But that's heretical.  Christ was not some new hybrid nature.  He was truly two distinct, but united natures.  This has always been the Catholic position.
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#27
(05-03-2011, 04:16 PM)Walty Wrote:
(05-03-2011, 12:51 PM)SaintSebastian Wrote:
(04-27-2011, 04:50 PM)Walty Wrote: Bah.  As far as I see it, that's just a lot of spiritual talk which, in the end, comes out to nothing except that they do not accept that Christ has two natures which is an infallible teaching of the Church.

The Eutychian proposition would be that the divine nature swallowed up the human nature leaving only the one. As far as the miaphysites, in the best light we are talking about the same thing using different phraseology, and in the worst possible light they are asserting that the natures are no longer distinct or inconfused, but are some sort of new "huvine" (my made up word) nature. Granted, I've never spoken with any OO bishops or real authorities, but in my experience with lay folks they don't seem to hold to this latter idea.

But that's heretical.  Christ was not some new hybrid nature.  He was truly two distinct, but united natures.  This has always been the Catholic position.

That is heretical, but that's not exactly what miaphysitism is.  I don't think saintsebastian is understanding it correctly.
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#28
(05-03-2011, 04:43 PM)Melkite Wrote:
(05-03-2011, 04:16 PM)Walty Wrote:
(05-03-2011, 12:51 PM)SaintSebastian Wrote:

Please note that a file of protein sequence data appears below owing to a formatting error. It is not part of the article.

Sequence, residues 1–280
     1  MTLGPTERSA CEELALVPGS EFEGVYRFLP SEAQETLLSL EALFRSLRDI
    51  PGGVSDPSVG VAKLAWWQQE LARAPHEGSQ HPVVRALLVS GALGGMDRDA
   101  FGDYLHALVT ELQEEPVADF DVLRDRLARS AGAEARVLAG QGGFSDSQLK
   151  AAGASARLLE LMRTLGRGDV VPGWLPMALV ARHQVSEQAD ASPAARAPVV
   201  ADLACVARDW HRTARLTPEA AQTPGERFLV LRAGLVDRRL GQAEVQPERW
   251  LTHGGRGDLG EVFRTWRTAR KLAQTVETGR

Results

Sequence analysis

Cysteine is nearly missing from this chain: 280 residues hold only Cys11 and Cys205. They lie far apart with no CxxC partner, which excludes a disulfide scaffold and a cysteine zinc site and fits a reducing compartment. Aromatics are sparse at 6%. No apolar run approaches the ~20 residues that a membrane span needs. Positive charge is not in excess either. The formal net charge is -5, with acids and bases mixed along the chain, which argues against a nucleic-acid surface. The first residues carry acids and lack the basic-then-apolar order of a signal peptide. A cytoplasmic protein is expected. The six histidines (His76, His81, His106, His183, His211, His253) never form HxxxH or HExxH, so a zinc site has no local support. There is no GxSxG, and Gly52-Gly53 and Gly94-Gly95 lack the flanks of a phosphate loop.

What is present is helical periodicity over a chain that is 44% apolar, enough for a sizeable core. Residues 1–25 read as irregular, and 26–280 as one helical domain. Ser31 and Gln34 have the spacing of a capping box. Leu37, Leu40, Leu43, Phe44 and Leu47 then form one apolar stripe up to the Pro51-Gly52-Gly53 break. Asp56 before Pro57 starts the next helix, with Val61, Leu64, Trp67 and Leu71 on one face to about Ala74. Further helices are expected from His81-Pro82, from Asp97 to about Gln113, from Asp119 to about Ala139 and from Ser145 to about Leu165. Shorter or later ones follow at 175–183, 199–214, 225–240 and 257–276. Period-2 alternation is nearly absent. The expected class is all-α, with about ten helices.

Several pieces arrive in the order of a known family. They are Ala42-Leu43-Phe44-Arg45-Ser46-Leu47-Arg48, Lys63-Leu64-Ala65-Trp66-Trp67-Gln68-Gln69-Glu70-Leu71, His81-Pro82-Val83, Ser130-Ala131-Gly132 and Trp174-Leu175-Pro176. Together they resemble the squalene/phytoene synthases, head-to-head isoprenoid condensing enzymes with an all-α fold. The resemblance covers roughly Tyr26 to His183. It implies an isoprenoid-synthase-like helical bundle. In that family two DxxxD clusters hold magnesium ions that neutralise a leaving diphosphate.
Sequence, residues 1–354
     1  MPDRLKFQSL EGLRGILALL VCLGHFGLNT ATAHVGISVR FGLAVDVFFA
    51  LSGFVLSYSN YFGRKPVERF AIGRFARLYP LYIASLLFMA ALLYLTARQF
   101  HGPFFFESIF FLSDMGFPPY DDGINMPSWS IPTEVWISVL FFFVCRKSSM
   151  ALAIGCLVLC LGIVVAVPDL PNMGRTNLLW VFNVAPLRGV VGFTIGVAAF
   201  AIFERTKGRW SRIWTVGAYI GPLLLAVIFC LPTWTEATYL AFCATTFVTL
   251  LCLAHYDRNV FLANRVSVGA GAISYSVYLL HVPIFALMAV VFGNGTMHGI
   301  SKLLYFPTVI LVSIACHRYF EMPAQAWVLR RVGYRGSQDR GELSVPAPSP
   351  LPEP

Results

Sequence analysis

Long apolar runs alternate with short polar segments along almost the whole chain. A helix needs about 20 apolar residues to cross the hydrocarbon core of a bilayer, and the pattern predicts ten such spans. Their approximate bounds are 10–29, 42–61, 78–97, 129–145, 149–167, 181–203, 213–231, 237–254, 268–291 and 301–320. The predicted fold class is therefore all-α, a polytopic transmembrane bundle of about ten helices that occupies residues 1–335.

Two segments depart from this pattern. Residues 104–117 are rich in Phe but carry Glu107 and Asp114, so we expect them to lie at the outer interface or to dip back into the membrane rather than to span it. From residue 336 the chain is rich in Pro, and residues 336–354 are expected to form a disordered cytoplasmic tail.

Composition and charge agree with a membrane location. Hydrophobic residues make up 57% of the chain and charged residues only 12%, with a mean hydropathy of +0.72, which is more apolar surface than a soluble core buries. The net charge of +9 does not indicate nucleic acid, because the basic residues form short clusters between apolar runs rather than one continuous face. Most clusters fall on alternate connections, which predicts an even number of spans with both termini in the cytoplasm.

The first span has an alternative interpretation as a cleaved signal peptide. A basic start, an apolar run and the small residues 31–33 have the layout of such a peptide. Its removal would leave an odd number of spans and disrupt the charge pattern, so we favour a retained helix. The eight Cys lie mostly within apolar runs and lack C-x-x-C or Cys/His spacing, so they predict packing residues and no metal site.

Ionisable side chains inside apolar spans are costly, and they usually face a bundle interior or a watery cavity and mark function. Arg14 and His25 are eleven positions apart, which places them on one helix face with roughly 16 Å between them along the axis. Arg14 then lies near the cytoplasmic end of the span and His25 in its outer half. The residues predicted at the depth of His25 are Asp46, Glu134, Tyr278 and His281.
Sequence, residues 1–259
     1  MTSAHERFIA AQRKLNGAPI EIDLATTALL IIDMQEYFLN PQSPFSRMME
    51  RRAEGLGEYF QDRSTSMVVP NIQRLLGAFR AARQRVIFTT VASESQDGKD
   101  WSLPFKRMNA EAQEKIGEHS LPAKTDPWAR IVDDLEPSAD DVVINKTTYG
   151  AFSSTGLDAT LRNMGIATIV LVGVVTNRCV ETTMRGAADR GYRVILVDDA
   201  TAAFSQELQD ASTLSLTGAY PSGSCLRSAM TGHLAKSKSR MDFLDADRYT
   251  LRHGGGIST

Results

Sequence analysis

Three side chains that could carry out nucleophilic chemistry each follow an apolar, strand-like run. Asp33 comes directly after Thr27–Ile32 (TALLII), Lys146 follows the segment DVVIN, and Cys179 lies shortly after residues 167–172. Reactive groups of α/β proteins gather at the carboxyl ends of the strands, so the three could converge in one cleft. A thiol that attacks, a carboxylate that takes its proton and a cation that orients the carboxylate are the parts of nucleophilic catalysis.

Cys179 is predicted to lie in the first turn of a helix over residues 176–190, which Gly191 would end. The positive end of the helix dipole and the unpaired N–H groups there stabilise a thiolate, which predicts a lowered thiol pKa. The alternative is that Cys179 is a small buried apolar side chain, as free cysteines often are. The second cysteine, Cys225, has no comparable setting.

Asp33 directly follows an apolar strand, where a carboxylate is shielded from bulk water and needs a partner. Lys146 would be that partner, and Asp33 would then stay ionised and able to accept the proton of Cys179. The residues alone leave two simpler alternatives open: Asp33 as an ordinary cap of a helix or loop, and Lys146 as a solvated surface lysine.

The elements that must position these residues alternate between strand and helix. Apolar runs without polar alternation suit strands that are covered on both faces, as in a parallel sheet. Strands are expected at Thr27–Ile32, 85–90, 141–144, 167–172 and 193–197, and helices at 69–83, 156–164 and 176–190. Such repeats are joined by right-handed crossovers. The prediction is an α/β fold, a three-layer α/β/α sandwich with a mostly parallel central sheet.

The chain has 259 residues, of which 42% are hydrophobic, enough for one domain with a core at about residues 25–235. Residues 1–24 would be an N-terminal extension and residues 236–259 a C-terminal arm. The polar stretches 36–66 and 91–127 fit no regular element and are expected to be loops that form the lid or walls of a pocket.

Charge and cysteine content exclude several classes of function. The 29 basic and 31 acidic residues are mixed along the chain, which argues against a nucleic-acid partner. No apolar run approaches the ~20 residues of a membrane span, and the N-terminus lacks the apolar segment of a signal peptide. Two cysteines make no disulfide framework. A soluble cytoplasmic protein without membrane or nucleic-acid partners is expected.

(04-27-2011, 04:50 PM)Walty Wrote: Bah.  As far as I see it, that's just a lot of spiritual talk which, in the end, comes out to nothing except that they do not accept that Christ has two natures which is an infallible teaching of the Church.

The Eutychian proposition would be that the divine nature swallowed up the human nature leaving only the one. As far as the miaphysites, in the best light we are talking about the same thing using different phraseology, and in the worst possible light they are asserting that the natures are no longer distinct or inconfused, but are some sort of new "huvine" (my made up word) nature. Granted, I've never spoken with any OO bishops or real authorities, but in my experience with lay folks they don't seem to hold to this latter idea.

But that's heretical.  Christ was not some new hybrid nature.  He was truly two distinct, but united natures.  This has always been the Catholic position.

That is heretical, but that's not exactly what miaphysitism is.  I don't think saintsebastian is understanding it correctly.

Your last post (#24) is a lot more acceptable in my view.  I don't find anything wrong with it, if that's what you're truly saying miaphysitism is.
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#29
(05-03-2011, 04:43 PM)Melkite Wrote: That is heretical, but that's not exactly what miaphysitism is.  I don't think saintsebastian is understanding it correctly.

Sorry for the confusion. I was intending to show that as the worst light it could be put in (what would actually make it heretical) and which is why there has been historically some apphrehension about it. I also noted that, like you, the OO lay people I have spoken to don't seem to view it that way, but rather in a way that seems compatiable with orthodoxy.
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#30
(05-03-2011, 04:47 PM)SaintSebastian Wrote:
(05-03-2011, 04:43 PM)Melkite Wrote: That is heretical, but that's not exactly what miaphysitism is.  I don't think saintsebastian is understanding it correctly.

Sorry for the confusion. I was intending to show that as the worst light it could be put in (what would actually make it heretical). I also noted that, like you, the OO lay people I have spoken to don't seem to view it that way, but rather in a way that seems compatiable with orthodoxy.

Oh, haha, sorry, I must have missed that part. :)